When it comes to economics and trade, does interdependence make the two countries less likely to fight? Or would some degree of separation between them actually be stabilizing? To the extent that trade helps China grow its economy and fund its military, is there a point where U.S. policy should move beyond trying to control particular technologies and seek to restrain China’s economy generally? Which regional and global trade agreements should Washington pursue in order to shape the terms of international trade?

On technology, can America sustain its advantages through radical openness? Or is it more important to shield U.S. centers of innovation from an onslaught of theft and espionage? Should Washington resurrect some form of industrial policy to cultivate innovation, and if so, what would it look like?

For the military, where should Washington draw a forward defensive line in Asia, if at all, and what costs are Americans willing to bear to uphold it? Should the line stay fixed indefinitely, or be redrawn periodically to accommodate Beijing’s growing power? Would Chinese leaders be reassured or emboldened by any accommodative moves? For example, if Washington allows Beijing to seize Taiwan, will China be satiated, or would it just pick a new target for conquest?

Even if America and China are not locked in a global ideological contest—itself a matter of some debate—Beijing still perceives intense ideological pressure from Washington. Will China feel more room to liberalize with less day-to-day foreign prodding, or will it only open up politically if democracies exert consistent, firm stance on values? How should Washington support human rights in China and counter Beijing’s authoritarian example without convincing Chinese leaders that the United States is an implacable adversary? Or, more provocatively, are expanding freedoms always going to be a mirage under the Communist Party?

Washington and Moscow grudgingly found ways to cooperate during the Cold War, so working together should always be possible. But where, exactly, can the United States cooperate with China today? The list seems to shrink constantly, even as the need for effective transnational cooperation grows. Does it make sense for Washington to accept concessions on some issues in order to garner Beijing’s help on others? Should America try to link different issues together or compartmentalize them? Will China be amenable to either approach?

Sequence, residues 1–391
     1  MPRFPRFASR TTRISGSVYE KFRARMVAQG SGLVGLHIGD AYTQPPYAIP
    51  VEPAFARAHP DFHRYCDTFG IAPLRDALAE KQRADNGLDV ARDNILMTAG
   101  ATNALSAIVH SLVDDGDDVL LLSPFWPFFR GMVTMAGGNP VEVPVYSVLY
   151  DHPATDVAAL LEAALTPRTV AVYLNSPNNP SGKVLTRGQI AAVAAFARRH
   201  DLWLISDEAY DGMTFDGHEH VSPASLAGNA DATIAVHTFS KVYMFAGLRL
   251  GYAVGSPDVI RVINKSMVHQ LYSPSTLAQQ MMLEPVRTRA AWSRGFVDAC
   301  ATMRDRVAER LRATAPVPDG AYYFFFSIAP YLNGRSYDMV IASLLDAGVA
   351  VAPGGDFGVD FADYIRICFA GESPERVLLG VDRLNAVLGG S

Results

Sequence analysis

Crafting responses to these vexing dilemmas will determine where the proverbial rubber hits the road on US-China relations. Notably, most of those tradeoffs are just as agonizing whether or not one believes Washington and Beijing are locked in a new Cold War—which should tell us something about the value of that discussion overall. Let’s put the whole debate to bed and get down to discussing the harder but more consequential tradeoffs that will shape US-China relations in the decades to come.

Jacob Stokes is a senior policy analyst in the China program at the United States Institute of Peace. He previously served on the national security staff for Vice President Joe Biden and as a professional staff member for the U.S.-China Economic and Security Review Commission.

This piece was originally published in the Pacific Forum’s PacNet newsletter. PacNet commentaries and responses represent the views of the respective authors.